3. Topics: Physics, Experiments:  Inspired by the Galileo chapter of Mathematicians are People Too from a few weeks ago, I hung a makeshift pendulum from the ceiling — a roll of tape suspended from an 8′ thread, hanging from a sticky hook attached to the ceiling.  I had pre-marked the 2′, 4′, 6′, and 8′ points away from the center of the roll of tape.  We released the pendulum twice at each length, varying the height that we released it at, and timed how long it took to go 20 swings.IMG_1888
  4. Topics: Sorting, Patterns:  We have a card game called Blink — basically a racing version of Uno.  Each card has some number of symbols 1-5, one of six colors, and one of six shapes.  There are 180 possible combinations, but only 60 cards in the deck.  After we figured out there should be 180, I asked the kids to find out which ones are missing.

How Did It Go?

We sat on the floor this week to make room for the pendulum; this tends to make them a little crazier since they can easily roll around on the floor.

Still More Stories to Solve

I wasn’t crazy about the first puzzle, but the second one, about two brothers having a contest to see whose horse would get somewhere LAST, was nice.  The kids figured it out with some hints.

Tangrams

Corey and I discovered that I’m better at Tangrams than she is :), so unlike last time, where Corey AND the kids were stuck I was able to help them solve the puzzles.  The main thing I tried to teach them was to figure out where the big triangles go first; it’ll be interesting to see if next time we do Tangrams they remember this.

Timing a Pendulum

As you can see from the chart above, we had really reproducible results.  I believe we were actually only counting 19 swings (we started on 1 as we let go and then stopped when we said 20, when we should have let it swing again).  Anyway, I had incorrectly remembered from physics long ago that the time was linearly proportional to the length of the pendulum, so I was initially worried about the timings we were getting — but once they were all in, it become obvious (to me, not the kids) that the time is proportional to the square root of the length.  I asked how long the pendulum should be to get 15 seconds; and also, how long would a 32′ pendulum take.  They were comfortable assuming a linear relationship, but when I pointed out that 8′ was four times 2′ while 60 s was only two times 30 s, they couldn’t really use that information — one kid did guess 1/2 foot for the 15 seconds question, but they didn’t stick to their answer so I think it was just a guess.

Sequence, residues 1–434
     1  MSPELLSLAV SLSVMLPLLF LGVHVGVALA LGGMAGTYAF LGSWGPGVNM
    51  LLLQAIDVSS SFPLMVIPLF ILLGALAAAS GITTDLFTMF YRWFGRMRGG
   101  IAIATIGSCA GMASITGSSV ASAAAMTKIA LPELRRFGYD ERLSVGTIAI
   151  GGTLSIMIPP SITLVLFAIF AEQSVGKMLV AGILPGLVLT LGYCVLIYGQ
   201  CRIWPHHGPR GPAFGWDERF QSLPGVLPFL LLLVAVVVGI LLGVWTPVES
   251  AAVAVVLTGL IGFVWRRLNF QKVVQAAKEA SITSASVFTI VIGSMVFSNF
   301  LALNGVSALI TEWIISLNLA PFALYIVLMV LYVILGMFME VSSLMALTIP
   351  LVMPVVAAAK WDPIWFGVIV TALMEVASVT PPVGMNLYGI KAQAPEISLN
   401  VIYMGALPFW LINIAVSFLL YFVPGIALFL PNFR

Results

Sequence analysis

One thing that worked out well is that the pieces of tape served as resting spots for the thread so that it would stay at the right length (I didn’t cut the string, we had looped it over the hook like a pulley).  If I hadn’t had the tape sticking out, it would have been hard to maintain a constant length.

Blink

I only had time to explain the problem and figure out how many cards there should be before circle ended.  We’ll probably do the main activity next week.

Flowers, Stars, and Crabs (Age 5)

The Activities

  1. Topic: Comparisons: Book: Anno’s Math Games II by M. Anno, Chapter 2.  This chapter has a number of side-by-side similar pictures, and you have to find the similarities and differences.
  2.  Topic: Logic: We did “Boole Says” again — I said something like “Stand up if you are a boy OR are wearing socks.”  This time, the kids each got to come up with a command, and we also did some commands using “not” (“stand up if you are NOT wearing socks”).
  3. Topics: Patterns, Geometry: We used pattern blocks to draw pictures.  I named 2 or 3 different kinds of shapes (e.g., triangles and squares), and then each kid made a picture using those shapes.  Each time, we each went around and said what we had made.  We did about 5 rounds total.
  4. Topics: Scale, Astronomy: We explored The Scale of the Universe 2 web app for a while.  This is a visualization of the universe from the smallest scales (Planck length) to the largest (size of the observable universe).  Starting at human scale, we scrolled both bigger and smaller and discussed what we saw.

How Did It Go?

This circle went really well, the kids were very interested in all the activities.

Anno’s Math Games II

We spent a while finding all the differences in the most complicated of the activities.

Boole Says

The kids enjoy anything involving standing up and sitting down over and over :).  They did a pretty good job following the commands, a few of the kids got confused by AND vs. OR sometimes, but the other kids helped them.  When the kids were giving their own commands, I think every single one of the commands included themselves; and several of them ONLY included themselves.  One of the commands was “Everyone wearing flowers stand up”, and one of the kids didn’t realize they had flowers on their tights until everyone else pointed it out.

Pattern Block Pictures

The kids enjoyed this activity a lot.  There were a lot of flowers.  One kid’s pictures were noticeably different from the others — for example, one picture was a pretty good crab.  There were a few pictures that the kid didn’t know what it was.

The Scale of the Universe

The kids voted to go bigger first.  One of the kids has done a lot of astronomy things in the past, and was able to identify a bunch of the objects, such as the Lunar Lander, Apollo rocket, etc.  Smaller turned out to be less interesting — pretty quickly all you’ve got is particles, which aren’t too exciting.  The kids’ favorite thing was scrolling through the whole thing really fast, which looks like going through a tunnel because the way there are smaller and smaller concentric circles.